On April 12, the MTV Movie Awards will dole out a “golden popcorn” statuette for Best Shirtless Performance. There will be no acknowledgments for cinematography, writing, or directing. That is to say: These are not Serious Film Awards and don’t pretend to be. But this year, I’d argue that the MTV Movie Awards somehow stumbled into a better lineup than the 2015 Oscars.
The list of MTV Movie Award nominees, announced yesterday, includes nods to Ellar Coltrane of Boyhood and David Oyelowo of Selma, both unforgettable performances that were overlooked by the Oscars. The academy famously shut out people of color from all 20 acting nominations this year. MTV’s much longer list of acting nominees is pretty white, too, but it includes not just Oyelowo, but Chris Rock, Kevin Hart, Zoe Saldana, Rosario Dawson, and J. Lo. And there are plenty of new faces, too, including apparently real people named “Dylan O’Brien” and “Halston Sage.” Oh, and Meryl Streep, too—it’s still an awards ceremony, after all.
MTV doesn’t pretend to cover the entire American film industry, but it takes a much more generous approach to comedies than the academy does, with multiple nominations this year for Guardians of the Galaxy and the solid, silly 22 Jump Street. Being MTV, they also have respect for teen entertainment, with The Fault in Our Stars and The Hunger Games: Mockingjay Part 1 both up for movie of the year. Scary movies, too: Actors in the Purge: Anarchy and Annabelle were nominated for Best Scared-as-Sh**T Performance. Even if you don’t think those were great movies, which I do not, we can give MTV credit for variety, compared with the academy’s slavish devotion to the kind of middlebrow dramas your parents are really excited to see when they come out on DVD.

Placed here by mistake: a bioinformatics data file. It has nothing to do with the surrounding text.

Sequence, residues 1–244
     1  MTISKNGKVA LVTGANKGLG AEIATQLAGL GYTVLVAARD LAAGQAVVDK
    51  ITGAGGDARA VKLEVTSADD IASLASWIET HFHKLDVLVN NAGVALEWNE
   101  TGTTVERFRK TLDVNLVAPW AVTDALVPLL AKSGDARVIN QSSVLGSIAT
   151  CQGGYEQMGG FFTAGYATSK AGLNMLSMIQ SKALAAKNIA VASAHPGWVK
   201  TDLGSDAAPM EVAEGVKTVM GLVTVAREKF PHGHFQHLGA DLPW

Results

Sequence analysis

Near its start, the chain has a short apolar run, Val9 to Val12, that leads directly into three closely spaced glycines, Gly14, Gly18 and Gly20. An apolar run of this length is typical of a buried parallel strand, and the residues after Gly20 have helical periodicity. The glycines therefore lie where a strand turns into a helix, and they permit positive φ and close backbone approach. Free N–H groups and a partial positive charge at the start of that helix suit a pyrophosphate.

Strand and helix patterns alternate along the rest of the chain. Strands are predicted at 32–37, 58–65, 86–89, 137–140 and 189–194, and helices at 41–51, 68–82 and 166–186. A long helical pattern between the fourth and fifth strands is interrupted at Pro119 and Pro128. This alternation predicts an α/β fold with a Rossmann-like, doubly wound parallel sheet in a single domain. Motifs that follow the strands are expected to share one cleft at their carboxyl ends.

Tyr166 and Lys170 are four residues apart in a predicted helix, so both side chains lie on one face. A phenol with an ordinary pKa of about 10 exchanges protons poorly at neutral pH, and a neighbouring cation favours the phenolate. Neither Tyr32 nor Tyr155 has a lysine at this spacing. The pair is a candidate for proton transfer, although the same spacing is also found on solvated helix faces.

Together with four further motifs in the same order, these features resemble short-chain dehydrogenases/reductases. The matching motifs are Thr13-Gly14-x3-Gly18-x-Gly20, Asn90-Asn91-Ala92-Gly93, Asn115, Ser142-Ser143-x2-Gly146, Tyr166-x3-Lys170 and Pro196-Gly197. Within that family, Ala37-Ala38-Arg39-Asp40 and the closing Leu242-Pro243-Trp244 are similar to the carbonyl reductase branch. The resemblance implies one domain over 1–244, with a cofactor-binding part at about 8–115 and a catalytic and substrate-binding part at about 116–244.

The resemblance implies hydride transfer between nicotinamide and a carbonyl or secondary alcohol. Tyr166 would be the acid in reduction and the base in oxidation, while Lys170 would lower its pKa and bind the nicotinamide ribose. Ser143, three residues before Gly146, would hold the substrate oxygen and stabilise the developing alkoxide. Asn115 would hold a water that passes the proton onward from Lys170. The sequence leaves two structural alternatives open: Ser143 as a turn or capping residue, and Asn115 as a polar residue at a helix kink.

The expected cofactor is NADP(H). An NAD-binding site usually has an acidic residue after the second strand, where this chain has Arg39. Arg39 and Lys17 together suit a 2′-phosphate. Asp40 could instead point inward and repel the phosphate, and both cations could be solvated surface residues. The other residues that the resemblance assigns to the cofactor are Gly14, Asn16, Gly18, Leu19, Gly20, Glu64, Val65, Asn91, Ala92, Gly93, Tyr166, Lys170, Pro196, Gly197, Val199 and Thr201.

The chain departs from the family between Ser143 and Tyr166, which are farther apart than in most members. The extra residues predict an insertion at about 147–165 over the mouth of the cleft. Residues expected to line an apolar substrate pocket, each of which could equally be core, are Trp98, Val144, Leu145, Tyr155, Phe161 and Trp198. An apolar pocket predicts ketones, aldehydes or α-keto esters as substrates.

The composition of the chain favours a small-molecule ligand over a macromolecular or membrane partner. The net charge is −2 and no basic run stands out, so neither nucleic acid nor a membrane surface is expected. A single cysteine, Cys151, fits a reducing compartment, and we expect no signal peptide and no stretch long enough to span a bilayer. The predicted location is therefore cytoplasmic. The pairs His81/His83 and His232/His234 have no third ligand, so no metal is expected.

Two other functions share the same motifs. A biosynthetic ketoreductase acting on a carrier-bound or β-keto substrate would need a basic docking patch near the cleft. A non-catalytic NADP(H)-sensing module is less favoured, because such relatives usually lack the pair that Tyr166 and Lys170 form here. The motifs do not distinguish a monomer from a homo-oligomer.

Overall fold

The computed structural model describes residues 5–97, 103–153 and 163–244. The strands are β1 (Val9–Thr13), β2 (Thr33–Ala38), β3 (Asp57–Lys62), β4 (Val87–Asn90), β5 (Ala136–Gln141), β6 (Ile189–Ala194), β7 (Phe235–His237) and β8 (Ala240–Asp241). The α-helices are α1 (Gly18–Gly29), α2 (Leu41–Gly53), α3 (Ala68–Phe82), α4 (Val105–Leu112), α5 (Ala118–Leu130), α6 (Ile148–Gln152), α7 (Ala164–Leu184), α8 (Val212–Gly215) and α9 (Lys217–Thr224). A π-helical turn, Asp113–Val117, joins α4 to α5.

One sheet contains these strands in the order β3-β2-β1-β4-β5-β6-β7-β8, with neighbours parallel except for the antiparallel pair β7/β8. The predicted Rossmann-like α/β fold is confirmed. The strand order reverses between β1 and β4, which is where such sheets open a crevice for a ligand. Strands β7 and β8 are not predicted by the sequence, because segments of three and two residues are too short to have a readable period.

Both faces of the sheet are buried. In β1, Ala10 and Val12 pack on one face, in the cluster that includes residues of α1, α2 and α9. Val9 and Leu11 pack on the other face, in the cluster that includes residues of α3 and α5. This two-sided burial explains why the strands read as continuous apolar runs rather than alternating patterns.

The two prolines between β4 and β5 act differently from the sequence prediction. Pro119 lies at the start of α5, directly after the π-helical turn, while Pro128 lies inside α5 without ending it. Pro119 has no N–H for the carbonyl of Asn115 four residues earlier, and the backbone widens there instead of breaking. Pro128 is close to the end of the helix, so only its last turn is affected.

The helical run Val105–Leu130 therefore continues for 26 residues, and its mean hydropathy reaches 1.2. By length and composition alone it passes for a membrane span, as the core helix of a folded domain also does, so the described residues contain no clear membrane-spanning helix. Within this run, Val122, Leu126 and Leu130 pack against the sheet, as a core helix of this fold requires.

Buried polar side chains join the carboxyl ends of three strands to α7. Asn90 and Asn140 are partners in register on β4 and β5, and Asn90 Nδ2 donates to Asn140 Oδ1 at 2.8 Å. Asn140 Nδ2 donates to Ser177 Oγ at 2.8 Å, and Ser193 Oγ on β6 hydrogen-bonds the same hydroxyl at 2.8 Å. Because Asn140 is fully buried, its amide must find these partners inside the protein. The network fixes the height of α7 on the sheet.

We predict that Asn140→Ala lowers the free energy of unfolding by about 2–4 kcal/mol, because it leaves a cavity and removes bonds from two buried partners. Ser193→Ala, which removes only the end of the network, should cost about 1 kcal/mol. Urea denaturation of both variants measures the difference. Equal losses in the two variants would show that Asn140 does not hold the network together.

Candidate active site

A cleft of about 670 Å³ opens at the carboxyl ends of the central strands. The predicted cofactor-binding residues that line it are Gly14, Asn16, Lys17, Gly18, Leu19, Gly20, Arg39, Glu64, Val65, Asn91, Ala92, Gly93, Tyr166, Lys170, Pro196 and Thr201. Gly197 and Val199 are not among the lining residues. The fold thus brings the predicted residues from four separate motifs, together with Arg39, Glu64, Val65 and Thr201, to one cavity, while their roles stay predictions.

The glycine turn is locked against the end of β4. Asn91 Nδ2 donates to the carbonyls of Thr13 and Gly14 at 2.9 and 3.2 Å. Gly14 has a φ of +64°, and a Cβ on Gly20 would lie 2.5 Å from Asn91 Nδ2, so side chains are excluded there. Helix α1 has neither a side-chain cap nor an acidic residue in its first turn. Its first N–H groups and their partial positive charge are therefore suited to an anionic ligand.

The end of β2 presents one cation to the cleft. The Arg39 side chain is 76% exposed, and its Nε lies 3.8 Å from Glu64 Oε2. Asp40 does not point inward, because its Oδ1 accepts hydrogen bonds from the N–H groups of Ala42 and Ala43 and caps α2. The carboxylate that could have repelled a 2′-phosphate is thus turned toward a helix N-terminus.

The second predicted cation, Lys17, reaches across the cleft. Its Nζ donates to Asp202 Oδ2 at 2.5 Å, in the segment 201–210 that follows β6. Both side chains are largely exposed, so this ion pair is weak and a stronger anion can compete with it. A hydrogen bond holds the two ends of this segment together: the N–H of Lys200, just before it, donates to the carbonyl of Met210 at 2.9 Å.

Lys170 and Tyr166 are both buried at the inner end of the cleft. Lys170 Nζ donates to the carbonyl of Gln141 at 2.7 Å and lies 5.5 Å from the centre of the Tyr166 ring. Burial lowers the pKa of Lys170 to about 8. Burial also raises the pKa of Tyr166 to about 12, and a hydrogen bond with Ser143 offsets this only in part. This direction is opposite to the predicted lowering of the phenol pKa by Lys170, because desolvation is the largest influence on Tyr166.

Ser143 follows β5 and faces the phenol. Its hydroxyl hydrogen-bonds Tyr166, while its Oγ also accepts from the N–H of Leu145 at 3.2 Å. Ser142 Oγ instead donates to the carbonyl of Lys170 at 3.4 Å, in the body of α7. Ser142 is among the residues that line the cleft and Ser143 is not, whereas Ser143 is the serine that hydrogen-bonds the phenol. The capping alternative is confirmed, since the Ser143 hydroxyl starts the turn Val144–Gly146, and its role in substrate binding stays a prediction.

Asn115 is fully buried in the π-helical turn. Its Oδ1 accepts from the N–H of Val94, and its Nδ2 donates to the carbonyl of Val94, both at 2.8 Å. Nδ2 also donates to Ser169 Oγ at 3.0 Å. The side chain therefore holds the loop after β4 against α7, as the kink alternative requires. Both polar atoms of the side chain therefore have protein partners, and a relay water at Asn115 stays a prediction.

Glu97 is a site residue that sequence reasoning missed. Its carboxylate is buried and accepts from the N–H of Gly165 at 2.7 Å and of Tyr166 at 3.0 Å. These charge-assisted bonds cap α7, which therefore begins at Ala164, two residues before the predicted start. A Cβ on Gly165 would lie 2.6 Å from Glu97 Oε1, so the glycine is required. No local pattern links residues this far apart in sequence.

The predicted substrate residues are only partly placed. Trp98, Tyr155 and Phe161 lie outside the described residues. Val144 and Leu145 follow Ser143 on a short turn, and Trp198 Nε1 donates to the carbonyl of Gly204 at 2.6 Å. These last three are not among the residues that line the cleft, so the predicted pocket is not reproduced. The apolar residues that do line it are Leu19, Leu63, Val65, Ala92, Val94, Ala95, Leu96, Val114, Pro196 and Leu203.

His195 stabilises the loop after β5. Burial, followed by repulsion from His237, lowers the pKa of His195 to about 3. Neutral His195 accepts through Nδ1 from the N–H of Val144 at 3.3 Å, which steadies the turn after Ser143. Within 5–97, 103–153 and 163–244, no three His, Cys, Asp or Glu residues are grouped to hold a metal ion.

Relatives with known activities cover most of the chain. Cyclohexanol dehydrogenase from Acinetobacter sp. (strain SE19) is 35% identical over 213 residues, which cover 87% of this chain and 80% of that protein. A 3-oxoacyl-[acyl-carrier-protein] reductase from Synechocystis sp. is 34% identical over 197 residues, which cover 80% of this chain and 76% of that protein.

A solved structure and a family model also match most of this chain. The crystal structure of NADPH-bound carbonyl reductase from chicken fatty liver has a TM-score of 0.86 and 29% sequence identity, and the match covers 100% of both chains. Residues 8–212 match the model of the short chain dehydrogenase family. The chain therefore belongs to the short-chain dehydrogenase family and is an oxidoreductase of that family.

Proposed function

And about that dull, dutiful Oscar-bait: MTV pretty much ignored it! The Imitation Game did not garner a single MTV nomination. Eddie Redmayne’s Oscar-winning performance as Stephen Hawking received a nod only for Best On-Screen Transformation. Most brazen of all, Birdman—the Academy Award Best Picture-winning tale of an aging millionaire actor who must bravely refinance one of his homes in order to produce a bad Broadway play—didn’t even receive a nomination for MTV's top award.
I’m betting that this year’s host, Amy Schumer, is going to be funnier than Neil Patrick Harris, too. Poor Harris, stuck with a show that everyone watches and everyone hates, or at least love/hates. One of the perennial complaints about the Academy Awards is that the ceremony itself is far too long. By contrast, the MTV ceremony is a reliably raucous affair, and everyone in the audience seems to be having plain, tacky fun. There’s a lesson in here for the Academy: If you’re going to throw a fancy self-congratulatory awards ceremony that ignores much of the year’s best work, you might as well be in on the joke yourself.